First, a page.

After the separation in 2002, I had become more and more interested in graphic design for print and for the Web, through working as a project manager with other designers at my day job, and through hands-on experience as a webmaster and content developer for a rather large Intranet customer service website of a major automotive company here in Japan. In 2007, I eventually decided to formalize my interest in graphic design by attending a three-year online program with Sessions College of Design. However, while I was enjoying most of the projects and felt increasingly more satisfied with my skills, after the first year or so, I spent a considerable time in avoiding the lessons, shirking the tasks at hand, updating my project schedules over and over only to break them again.

It’s true that my full-time job had been keeping me quite busy, and I was suffering from chronic eye fatigue and the ongoing stress due to the still unresolved marital situation with my ex-wife (although we were physically separated in late 2002, she still opposes our legal divorce to this day and has mustered up all of the strength she can to try and prevent the divorce from taking place). The fact of the matter is, though, that I had found yet another thing in my life to avoid—yet another thing that I hadn’t fully accomplished.

Frankly, I have been feeling like a failure as a musician (for practically abandoning what could have been a promising music career), and I failed to graduate from design school because I was unable to finish the coursework. There was also a string of other projects that I hadn’t been able to properly follow up on or fully capitalize on, such as the Kyokusen-Yokocho project, the Exploring花子 project, and an interesting iPad app design project for which I was basically commissioned in 2011 that I eventually turned down, as I was trying to finish up my graphic design certification (which did not happen anyway). I did a cute and effective website design for a local gelato shop, which I never completely followed up on, eventually just handing over to the owner without charge. (He massacred the design later—I am ashamed that my name is even associated with this project.) I even cut back on my day job hours back in 2011, but I wasn’t able to capitalize on the extra time. Don’t get me wrong—there were some successes as well… but the failures still ring out clearly to this day in my mind.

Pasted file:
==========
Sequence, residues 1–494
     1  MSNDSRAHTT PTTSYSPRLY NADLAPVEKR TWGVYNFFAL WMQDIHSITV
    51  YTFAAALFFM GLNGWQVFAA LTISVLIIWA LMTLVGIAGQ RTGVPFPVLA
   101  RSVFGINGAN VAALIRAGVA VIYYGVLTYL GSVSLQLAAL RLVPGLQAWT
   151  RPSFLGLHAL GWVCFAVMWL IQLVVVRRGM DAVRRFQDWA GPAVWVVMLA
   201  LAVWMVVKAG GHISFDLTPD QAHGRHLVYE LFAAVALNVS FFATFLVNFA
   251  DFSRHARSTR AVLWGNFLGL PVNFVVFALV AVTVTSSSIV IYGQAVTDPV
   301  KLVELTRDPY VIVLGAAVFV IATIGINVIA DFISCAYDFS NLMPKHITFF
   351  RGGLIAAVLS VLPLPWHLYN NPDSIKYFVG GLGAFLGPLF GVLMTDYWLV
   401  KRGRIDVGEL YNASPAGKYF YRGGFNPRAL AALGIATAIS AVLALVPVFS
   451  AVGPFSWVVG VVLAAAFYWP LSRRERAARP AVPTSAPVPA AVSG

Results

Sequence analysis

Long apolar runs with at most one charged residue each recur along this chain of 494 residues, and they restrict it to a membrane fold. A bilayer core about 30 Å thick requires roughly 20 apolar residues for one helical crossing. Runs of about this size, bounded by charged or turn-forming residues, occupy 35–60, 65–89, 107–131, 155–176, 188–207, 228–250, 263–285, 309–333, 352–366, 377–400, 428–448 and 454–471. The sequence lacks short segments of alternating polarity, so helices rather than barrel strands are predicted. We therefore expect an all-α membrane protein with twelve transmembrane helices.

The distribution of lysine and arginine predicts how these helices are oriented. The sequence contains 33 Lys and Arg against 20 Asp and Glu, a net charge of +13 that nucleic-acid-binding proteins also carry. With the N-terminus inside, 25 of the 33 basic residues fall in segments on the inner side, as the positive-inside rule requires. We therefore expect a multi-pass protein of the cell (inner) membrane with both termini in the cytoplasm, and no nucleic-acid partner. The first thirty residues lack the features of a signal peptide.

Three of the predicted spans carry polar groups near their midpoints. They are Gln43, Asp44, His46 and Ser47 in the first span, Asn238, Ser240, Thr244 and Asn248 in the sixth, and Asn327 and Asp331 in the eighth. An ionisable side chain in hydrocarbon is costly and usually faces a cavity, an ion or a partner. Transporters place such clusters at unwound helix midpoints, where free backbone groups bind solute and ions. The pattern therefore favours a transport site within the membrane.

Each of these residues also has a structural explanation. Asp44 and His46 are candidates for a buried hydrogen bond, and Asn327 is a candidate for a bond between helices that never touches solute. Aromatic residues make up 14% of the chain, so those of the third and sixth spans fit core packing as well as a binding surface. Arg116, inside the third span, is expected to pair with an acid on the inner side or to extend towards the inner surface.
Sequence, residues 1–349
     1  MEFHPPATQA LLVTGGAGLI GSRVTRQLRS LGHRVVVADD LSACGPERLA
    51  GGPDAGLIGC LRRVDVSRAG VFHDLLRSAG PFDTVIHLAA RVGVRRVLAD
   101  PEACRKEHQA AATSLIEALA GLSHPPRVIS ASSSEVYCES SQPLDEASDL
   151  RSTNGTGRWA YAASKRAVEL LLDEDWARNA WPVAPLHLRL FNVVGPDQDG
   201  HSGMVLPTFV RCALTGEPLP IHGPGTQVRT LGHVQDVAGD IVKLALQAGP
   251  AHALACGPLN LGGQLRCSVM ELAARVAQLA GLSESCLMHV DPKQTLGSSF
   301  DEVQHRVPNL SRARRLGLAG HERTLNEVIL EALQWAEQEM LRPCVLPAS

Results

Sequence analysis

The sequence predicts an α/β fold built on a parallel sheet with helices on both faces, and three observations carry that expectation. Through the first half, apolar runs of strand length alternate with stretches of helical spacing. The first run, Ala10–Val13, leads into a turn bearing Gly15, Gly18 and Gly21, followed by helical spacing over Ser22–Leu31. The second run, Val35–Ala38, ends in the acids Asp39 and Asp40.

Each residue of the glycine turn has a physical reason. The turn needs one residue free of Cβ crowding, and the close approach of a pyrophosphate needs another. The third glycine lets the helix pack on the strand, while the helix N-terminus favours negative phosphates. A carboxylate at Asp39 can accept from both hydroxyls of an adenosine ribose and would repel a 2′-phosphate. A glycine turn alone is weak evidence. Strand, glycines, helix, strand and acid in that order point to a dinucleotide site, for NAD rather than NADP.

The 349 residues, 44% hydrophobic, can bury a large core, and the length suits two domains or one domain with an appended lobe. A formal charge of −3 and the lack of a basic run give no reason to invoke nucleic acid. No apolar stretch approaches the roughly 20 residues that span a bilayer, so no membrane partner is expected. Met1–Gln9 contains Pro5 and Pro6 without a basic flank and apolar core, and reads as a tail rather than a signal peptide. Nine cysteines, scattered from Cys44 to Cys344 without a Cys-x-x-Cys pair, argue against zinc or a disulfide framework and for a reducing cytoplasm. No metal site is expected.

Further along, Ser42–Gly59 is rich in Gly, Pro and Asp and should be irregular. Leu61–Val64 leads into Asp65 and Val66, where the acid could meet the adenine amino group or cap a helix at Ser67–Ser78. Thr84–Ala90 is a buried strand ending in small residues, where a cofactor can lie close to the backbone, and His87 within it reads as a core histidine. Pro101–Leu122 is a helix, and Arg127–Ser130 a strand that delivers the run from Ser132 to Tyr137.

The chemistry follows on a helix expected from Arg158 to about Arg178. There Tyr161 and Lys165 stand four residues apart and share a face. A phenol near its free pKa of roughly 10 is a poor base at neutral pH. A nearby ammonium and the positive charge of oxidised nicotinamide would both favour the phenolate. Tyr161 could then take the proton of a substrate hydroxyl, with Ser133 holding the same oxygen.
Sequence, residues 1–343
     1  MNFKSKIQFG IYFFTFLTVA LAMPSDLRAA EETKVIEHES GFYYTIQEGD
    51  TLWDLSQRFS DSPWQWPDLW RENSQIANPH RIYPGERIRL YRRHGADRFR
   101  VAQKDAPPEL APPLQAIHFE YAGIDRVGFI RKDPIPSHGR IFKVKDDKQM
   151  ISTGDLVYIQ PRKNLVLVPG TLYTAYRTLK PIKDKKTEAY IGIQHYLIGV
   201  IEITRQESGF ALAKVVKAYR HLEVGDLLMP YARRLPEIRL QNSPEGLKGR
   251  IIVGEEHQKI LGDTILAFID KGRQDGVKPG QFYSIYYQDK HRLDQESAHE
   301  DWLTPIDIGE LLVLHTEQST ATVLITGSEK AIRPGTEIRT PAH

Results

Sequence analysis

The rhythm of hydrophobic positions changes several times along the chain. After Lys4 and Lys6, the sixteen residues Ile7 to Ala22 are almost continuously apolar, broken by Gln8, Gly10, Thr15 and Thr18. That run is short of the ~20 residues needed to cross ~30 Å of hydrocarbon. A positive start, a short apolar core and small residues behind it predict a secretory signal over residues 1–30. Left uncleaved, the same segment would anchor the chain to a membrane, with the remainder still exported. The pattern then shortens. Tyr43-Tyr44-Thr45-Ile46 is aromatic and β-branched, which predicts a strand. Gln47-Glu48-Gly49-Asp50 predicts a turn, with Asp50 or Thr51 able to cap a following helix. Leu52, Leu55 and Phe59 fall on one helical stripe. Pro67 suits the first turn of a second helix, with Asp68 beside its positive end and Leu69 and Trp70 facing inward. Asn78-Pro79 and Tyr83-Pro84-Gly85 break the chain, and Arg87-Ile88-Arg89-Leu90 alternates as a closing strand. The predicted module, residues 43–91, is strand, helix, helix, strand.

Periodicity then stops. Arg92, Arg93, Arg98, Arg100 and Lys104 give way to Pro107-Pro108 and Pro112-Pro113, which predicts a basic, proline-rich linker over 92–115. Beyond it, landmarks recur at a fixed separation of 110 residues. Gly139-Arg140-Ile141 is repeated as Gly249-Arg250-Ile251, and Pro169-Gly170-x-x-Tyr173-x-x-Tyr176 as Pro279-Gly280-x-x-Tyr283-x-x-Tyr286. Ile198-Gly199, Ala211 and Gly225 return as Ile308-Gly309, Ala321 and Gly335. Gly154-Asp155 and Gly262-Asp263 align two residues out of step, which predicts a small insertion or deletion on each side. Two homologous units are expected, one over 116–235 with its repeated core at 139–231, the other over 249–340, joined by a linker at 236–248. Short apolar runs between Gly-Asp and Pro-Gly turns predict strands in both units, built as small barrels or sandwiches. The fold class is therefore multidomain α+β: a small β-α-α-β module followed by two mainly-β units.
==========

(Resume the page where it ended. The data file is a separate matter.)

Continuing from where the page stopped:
Even now, when it comes to music and design, avoidance seems to come as second-nature for me, as I create weekly schedules, maintain lengthy to-do lists in OmniFocus or Things, and then of course feel disappointed when I cannot muster up enough energy to bringing all of my plans to realization. The aggregation of tasks in life seem overwhelming—taxes, career directions, managing my finances, and trying to maintain some kind of a personal and family life, not to mention trying to settle my ongoing divorce (which is now an international matter requiring the service of the Hague Convention)—and it seems like nothing ever really gets done, although I suppose that I am accomplishing… something… in some fashion.

For God’s sake… why?

I’ve thought in recent years that perhaps the areas of music and design really aren’t as interesting as I believe they “should” be, and so I have made excuses to avoid them. The fact is, however, that both music and design still hold great fascination for me. I enjoy playing the piano (even just hammering away at Hanon exercises) and I really did get a lot of satisfaction out of the Sessions graphic design courses. I enjoy listening to music, although I feel impatient at times with all of the things that are going on in life and I find it a task to really sit down and devote my full attention to the music that I purchase to listen to. I like seeing new designs online, and a visit to the art museum is always something that I enjoy, although it has been a while since I’ve visited one, now that I think about it.

Perhaps the fact is that I don’t truly believe that I can be financially successful or maintain a stable lifestyle while pursuing a career composing and recording original music, or doing graphic design work for print and Web projects for clients. I often feel helplessly inferior, completely outgunned in terms of my conceptual skill level, especially in the area of design. Honestly, I know this is no way to live—it sucks. But this is the mental barrage of self-torment I’ve been putting myself through, each and every day.